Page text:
Most people can go their entire lives and have only minimal contact with the legal system. Generally, people do not know what to expect when they find themselves in a situation where they need a lawyer. It can be very difficult to evaluate or differentiate one lawyer from every other lawyer in your city. With that thought in mind, I’d like to take this opportunity to explain some common issues that might not seem obvious about what to look when choosing a lawyer and a law firm.
Experience & Competency
Ideally, the lawyer you select should have a sufficient level of experience in the area of law relating to your legal issue. The Texas Rules of Professional Ethics state that a lawyer should not take on a client with an issue, which he or she cannot give competent representation.
However, many newer but extremely competent lawyers run into the problem of not having enough experience but they cannot gain experience without handling cases. As a prospective client, you should ask the lawyer what their experience level is and if they are comfortable handling your particular legal issue.
Many new lawyers are eager to prove their worth and will work diligently on your case so you should not be automatically dissuaded by the prospect of hiring a less experienced lawyer.
You should always ask a lawyer about their open cases and current clients. Some lawyers only take a few high-paying cases while others choose to take on several smaller fee cases. A lawyer should only take on a reasonable number of cases. There are only 24 hours in a day and most lawyers only work five days a week. If your lawyer has 100 open cases you should ask yourself “how much time is my lawyer really spending on my individual case?” In my personal experience, some law firms have even more open cases than that. I don’t do that and I never will. You’re a unique individual and your case is too.
Do not settle for a standard cookie-cutter plea deal.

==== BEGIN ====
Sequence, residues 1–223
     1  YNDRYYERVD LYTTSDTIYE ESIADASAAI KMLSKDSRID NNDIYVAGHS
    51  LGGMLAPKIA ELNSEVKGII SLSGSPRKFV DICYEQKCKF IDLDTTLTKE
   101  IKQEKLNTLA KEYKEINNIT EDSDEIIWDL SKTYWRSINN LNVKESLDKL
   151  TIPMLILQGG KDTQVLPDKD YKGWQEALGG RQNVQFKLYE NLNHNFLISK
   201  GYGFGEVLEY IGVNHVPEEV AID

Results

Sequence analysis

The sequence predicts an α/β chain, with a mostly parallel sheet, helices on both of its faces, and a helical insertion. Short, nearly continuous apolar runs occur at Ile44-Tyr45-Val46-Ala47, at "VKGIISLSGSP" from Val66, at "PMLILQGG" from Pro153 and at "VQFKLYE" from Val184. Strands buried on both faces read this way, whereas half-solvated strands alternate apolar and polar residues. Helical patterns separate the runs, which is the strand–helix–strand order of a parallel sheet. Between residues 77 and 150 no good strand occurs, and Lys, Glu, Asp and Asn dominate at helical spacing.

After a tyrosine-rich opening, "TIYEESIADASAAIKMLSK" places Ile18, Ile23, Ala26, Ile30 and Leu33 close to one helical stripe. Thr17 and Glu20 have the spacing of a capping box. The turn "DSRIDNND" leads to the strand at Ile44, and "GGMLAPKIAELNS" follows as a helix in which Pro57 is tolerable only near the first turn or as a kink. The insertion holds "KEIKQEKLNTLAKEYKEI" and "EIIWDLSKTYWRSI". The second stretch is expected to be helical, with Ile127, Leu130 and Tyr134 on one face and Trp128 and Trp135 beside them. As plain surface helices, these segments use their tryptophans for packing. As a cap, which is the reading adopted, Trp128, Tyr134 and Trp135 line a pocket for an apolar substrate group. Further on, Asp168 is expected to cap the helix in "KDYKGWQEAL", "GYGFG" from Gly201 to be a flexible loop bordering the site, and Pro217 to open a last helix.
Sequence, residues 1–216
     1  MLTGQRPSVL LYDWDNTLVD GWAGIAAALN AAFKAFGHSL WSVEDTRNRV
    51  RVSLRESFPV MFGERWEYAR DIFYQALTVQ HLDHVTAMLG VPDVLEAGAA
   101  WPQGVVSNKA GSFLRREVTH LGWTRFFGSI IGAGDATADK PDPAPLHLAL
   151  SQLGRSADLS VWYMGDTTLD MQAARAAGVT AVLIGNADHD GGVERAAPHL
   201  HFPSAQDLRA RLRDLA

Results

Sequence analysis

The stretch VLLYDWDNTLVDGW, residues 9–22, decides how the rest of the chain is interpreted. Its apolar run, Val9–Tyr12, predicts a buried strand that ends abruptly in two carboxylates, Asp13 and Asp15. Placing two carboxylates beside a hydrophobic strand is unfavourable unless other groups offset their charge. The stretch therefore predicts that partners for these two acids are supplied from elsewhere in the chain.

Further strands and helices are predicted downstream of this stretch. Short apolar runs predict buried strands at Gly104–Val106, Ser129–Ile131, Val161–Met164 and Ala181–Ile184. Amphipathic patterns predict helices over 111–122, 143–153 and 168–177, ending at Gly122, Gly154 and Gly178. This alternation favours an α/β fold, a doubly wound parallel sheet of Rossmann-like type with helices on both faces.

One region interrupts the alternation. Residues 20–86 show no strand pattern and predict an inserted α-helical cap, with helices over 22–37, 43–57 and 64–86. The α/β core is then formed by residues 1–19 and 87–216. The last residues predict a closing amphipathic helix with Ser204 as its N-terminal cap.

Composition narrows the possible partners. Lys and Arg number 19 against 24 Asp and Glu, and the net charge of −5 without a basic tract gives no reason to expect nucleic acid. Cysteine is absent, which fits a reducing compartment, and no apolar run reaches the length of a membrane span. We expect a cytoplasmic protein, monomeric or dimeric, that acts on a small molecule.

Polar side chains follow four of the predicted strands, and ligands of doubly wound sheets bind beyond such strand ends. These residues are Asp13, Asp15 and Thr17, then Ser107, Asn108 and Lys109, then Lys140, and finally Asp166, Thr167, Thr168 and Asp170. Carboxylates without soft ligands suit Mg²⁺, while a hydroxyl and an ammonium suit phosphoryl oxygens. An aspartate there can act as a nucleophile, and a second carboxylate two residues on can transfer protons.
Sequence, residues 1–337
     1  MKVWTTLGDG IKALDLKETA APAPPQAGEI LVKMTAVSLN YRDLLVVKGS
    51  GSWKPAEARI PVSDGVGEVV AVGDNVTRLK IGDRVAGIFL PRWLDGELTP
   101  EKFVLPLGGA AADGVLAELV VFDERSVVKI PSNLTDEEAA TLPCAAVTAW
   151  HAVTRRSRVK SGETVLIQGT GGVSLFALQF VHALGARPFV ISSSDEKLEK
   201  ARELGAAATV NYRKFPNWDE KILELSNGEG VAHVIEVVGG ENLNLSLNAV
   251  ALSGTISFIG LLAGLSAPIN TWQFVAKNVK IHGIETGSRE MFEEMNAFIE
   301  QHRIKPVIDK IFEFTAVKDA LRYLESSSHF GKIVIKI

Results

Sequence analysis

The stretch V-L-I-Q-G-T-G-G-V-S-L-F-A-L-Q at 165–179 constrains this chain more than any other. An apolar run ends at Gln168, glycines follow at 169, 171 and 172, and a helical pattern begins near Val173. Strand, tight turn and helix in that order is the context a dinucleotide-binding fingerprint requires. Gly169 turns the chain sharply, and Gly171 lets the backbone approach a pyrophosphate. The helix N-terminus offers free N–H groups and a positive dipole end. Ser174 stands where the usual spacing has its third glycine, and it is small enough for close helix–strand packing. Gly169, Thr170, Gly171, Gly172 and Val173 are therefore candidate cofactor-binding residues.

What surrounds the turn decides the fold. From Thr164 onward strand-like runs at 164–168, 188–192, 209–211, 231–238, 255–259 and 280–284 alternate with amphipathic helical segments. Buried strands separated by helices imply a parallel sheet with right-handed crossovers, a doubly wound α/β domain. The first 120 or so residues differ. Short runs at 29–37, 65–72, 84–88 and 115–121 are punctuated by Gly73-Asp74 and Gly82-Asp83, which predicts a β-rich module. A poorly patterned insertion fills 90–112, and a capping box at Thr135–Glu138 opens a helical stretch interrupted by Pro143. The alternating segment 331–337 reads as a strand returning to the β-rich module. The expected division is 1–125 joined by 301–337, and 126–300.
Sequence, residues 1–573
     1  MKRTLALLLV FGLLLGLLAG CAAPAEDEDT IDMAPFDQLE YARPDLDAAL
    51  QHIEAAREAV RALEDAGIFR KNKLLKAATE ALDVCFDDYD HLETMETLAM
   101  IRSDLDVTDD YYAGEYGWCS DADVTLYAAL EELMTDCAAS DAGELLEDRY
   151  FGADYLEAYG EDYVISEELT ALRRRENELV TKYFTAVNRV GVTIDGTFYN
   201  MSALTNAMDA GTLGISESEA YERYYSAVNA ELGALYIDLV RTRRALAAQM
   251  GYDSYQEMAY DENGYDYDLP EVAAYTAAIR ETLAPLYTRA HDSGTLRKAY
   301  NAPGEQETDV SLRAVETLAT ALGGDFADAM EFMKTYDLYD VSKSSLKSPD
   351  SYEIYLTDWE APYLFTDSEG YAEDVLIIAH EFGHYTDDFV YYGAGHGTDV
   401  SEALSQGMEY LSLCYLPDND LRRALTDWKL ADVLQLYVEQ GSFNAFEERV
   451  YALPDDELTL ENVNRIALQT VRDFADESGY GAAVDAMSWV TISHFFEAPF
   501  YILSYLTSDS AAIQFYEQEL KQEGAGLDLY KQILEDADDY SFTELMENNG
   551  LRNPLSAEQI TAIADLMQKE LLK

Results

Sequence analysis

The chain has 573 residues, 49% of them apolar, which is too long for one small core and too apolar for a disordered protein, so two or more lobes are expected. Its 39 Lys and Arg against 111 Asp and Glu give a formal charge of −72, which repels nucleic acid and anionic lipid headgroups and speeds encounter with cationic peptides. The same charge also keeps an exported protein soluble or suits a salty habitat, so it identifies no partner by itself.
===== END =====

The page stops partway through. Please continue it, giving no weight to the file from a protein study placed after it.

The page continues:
You should also ask your prospective lawyer “who is actually going to be working on my case?” Some experienced lawyers and law firms will gladly meet with you in person, they will sign you up with their firm, and they will gladly take your money. Then those same lawyers may promise that they will be personally handling your case only to hand it off to a less-experienced associate attorney as soon as you leave the office.
You should be aware of this tactic and you should demand a clear answer. You don’t want to pay top dollar for a big-name law firm when a first-year lawyer is the person actually handling your case.
You should be able to establish clear and effective communication with your lawyer. Most lawyers have legal assistants and secretaries specifically for the purpose of putting up a barrier between themselves and the client. Shockingly, many lawyers view what they term “client control” as one of the worst parts of the job. You should be able to have reliable and respectful communication with your lawyer as long as you call during regular business hours.
In the American legal system, trials are very rare. Approximately 97% of all criminal cases are resolved by a plea bargain, even more so in the Federal system. Prosecutors do not want to take most cases to trial. They have too many cases to handle and they don’t want to waste time on cases they might lose.
If a prosecutor is going to trial, they want it to be a slam dunk case they know they can win.
I cannot tell you how many times I have set a case for trial only to be offered a plea bargain on the morning of trial that is too good for my client to pass up. Trials are high risk, high reward situations. They are also the pinnacle of the legal profession. Trials combine oral advocacy, knowledge of case law, the rules of evidence and procedure, and personality.
Every lawyer can negotiate a case, but only a few can take your case to trial and win. It is the client’s decision to go to trial – a lawyer can only do a few things: counsel the client on the risks involved with trial, and prepare.
Some lawyers secretly know that they are not capable at trial so they try to convince their clients to accept a plea rather than reveal their lack of trial experience. Some lawyers go even further and hire other lawyers to try the case because they know they are incapable. Imagine showing up on the morning of trial and your lawyer introduces you to another lawyer and explains that this person you didn’t hire and have never met is now going to be trying your case! If it were me, I’d feel furious, deceived, and cheated! As a prospective client, you should always ask your lawyer about their trial experience and their views on trying cases.
Now, some clients may think “why should I care about trials if my lawyer can negotiate my case and avoid a trial altogether?” I’ll tell you why – because a lawyer who is prepared to hold the line and fight in the courtroom is a more credible threat than a lawyer who will fold when negotiations break down! Not every case can be negotiated, especially not serious felonies involving violence and/or sex offenses. A prosecutor approaches your case differently when they know that your attorney is not afraid to fight.